OFFICIAL NAME: Republic of Niger
SYSTEM OF GOVERNMENT: Unitary Multiparty Republic
AREA: 1,267,000 Sq Km (489,191 Sq Mi)
ESTIMATED 2000 POPULATION: 10,284,300
LOCATION & GEOGRAPHY: Niger is located in West Africa.
It is bound by Libya to the northeast, Algeria to the northwest,
Mali to the west, Burkina Faso to the southwest, Benin and
Nigeria to the south and Chad to the east. Around 80% of
Nigeria is arid desert while the remainder is savannah.
The northern region is characterized by sandy basins, low
plateaux, isolated hills, peaks and sandstone or limestone
bluffs. In the northwest the Tamgak Mountains rise from
the Iferouane Valley. The north central area has a volcanic
Air Massif which contains deep valleys or Koris where there
is dense vegetation while to the far east the Tenere, a
sandy and arid desert, is located. The principal river is
the Niger. Major Cities (pop. est.); Niamey 392,200, Zinder
119,800, Maradi 104,400, Tahoua 49,900, Agadez 49,400 (1988).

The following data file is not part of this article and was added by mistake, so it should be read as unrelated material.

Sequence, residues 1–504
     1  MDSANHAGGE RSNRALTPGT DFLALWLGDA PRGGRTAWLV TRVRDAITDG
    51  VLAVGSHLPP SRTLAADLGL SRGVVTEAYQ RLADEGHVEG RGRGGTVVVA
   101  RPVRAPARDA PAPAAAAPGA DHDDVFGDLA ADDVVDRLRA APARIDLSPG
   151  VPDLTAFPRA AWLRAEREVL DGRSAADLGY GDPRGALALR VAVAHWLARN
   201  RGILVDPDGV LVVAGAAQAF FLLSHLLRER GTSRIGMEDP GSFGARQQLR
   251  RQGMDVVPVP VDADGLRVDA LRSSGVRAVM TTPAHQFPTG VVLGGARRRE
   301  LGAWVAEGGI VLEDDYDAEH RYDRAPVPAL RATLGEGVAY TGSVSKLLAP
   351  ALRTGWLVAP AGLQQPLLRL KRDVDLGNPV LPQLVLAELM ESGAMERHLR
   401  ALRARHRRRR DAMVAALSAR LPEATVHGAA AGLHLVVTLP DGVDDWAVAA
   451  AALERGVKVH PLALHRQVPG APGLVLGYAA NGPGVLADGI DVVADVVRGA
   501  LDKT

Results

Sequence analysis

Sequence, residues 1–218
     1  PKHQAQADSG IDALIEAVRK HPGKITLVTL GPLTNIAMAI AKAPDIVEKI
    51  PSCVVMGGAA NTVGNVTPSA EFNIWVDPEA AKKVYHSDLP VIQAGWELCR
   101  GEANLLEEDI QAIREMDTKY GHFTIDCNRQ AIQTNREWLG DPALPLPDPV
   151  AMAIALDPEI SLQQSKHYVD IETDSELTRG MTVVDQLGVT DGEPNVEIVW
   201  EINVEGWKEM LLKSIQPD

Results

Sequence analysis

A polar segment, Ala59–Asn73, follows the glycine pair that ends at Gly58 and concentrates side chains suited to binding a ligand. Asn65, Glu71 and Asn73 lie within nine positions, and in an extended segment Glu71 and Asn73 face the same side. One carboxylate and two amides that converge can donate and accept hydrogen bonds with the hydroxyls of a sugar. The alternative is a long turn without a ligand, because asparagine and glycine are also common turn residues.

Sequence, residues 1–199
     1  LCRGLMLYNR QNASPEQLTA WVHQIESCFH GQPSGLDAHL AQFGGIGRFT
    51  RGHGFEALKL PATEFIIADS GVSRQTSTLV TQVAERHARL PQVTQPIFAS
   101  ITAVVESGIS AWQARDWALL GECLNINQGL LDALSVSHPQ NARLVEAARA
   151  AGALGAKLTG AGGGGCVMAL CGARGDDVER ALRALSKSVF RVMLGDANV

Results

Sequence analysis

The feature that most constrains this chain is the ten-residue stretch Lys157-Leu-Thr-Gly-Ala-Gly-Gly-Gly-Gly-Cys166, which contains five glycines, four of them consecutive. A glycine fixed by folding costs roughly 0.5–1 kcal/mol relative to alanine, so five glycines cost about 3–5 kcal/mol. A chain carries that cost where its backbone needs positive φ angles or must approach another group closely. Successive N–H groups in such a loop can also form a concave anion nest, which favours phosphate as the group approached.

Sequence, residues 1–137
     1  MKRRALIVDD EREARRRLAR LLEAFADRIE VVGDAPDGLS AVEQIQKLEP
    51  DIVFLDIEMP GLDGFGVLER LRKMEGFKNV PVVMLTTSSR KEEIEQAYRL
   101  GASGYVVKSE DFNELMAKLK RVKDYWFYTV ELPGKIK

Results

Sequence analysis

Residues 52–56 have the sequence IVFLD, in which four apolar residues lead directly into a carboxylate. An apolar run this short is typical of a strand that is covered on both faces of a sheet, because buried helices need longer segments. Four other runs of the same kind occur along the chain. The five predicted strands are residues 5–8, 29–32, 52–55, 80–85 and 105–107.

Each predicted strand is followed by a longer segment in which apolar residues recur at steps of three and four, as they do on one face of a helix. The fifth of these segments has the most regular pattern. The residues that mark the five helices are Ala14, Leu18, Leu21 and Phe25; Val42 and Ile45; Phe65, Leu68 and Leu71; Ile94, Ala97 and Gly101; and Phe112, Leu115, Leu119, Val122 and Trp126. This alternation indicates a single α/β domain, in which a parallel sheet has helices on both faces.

Land Use; forested 2%, pastures 7%, agricultural-cultivated
3%, other 88% (1993).
CLIMATE: Niger has a hot and dry climate with relatively cool
and dry conditions from November to February. The rainy season lasts from
June to October with most rainfall occurring during August. Rainfall varies
depending on the region and in the south the average annual precipitation
is 500 mm (29 inches) while in the north it drops below 200 mm (8 inches)
where conditions are sub desert or Sahelian. The average temperature ranges
in Niamey are from 14 to 34 degrees Celsius (57 to 93 degrees Fahrenheit)
in January to 27 to 41 degrees Celsius (81 to 106 degrees Fahrenheit) in
PEOPLE: Approximately 80% of the population are comprised of
various Black African tribes which include the Hausa, Songhai, Djerma,
Fulani, Beriberi-Manga and Tuareg. Ethnic aliens include minorities of
Europeans, mainly French descendants.
DEMOGRAPHIC/VITAL STATISTICS: Density; 7 persons per sq km (18
persons per sq mi) (1991). Urban-Rural; 21.1% urban, 78.9% rural (1988).
Sex Distribution; 49.3% male, 50.7% female (1990). Life Expectancy at Birth;
42.9 years male, 46.1 years female (1990). Age Breakdown; 48% under 15,
26% 15 to 29, 14% 30 to 44, 8% 45 to 59, 3% 60 to 74, 1% 75 and over (1990).
Birth Rate; 51.7 per 1,000 (1990). Death Rate; 20.4 per 1,000 (1990). Increase
Rate; 31.3 per 1,000 (1990). Infant Mortality Rate; 135.0 per 1,000 live
RELIGIONS: Around 80% of the population are Sunni Muslims while
around 20% follow local native tribal beliefs and .5% are Christians.
LANGUAGES: The official language is French which is only spoken